In the early days of education for all, attendance was a huge issue. Schools were financed by the government according to the number of pupils present over a year - a financial package that included the salaries of the teaching staff.
Brixham Church School (or Brixham National School as it came to be known) was founded in 1820 to provide free education using two ancient endowments. Girls entered their upstairs schoolroom from Windmill Hill - boys approached the lower floor from Bolton Street. In 1902, a new Act of Parliament brought the school under Local Authority control, funded from local rates.
After 1902, the two schools came to be known as the Church of England Boys' School and the Church of England Girls' School. Infants attended a separate school known as the Lower Brixham National School.
The original Brixham National School (whose Prize Day this was), was supervised by an elected Board of local people who had the power to intervene in almost every aspect of the school much to the head teacher's annoyance. However, in the matter of school attendance, these frequently conflicting sides came together as one. The various School Boards of a town jointly contributed to the wages of an Attendance Officer, always referred to locally as "The School Board Man" who roamed the streets after the school day had begun, collecting up truants and recording evidence to use against parents for future prosecution.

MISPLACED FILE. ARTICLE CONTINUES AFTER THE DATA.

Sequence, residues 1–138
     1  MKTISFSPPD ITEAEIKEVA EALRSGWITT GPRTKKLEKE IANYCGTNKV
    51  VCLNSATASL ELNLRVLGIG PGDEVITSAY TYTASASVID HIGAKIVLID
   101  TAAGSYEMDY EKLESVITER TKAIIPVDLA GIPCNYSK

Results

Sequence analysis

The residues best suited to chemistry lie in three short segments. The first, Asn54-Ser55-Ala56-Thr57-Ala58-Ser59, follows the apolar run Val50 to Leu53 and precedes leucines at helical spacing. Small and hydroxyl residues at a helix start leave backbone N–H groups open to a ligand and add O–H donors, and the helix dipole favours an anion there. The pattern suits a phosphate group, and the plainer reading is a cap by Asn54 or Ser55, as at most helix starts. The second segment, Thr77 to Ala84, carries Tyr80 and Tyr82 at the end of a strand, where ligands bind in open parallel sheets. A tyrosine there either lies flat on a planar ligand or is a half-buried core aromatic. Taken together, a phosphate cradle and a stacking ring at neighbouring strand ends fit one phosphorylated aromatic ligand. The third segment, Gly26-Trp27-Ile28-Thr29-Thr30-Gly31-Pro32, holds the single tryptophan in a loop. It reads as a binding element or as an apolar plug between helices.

On this particular day in 1901, the proceedings began with an explanation by the presiding Chairman of the basis on which Brixham schools awarded prizes - a small number were awarded for oral knowledge of the Scriptures, examined by the local Vicar, and for general classroom work, but the entire occasion was really a celebration of the number of times each child had been present during the past year thus securing financial stability for their school during the following year.
Medals, prizes or certificates were awarded and this had led to some mutterings among parents. The mutterings had obviously reached the Chairman's ear for, as he explained, some parents thought their children ought to receive medals on account of their being home for just half a day on account of illness but, he explained, medals could not be awarded under these circumstances because the words "Never absent" were embossed on them.
Miss F. E Perry was head mistress of the school at this time. The majority of the girls below were aged between 6 and 12 in March 1901. The 1901 census return is a useful guide for researchers and, for example, reveals that Nellie Goad was 11 and Lena Mortimer was 9.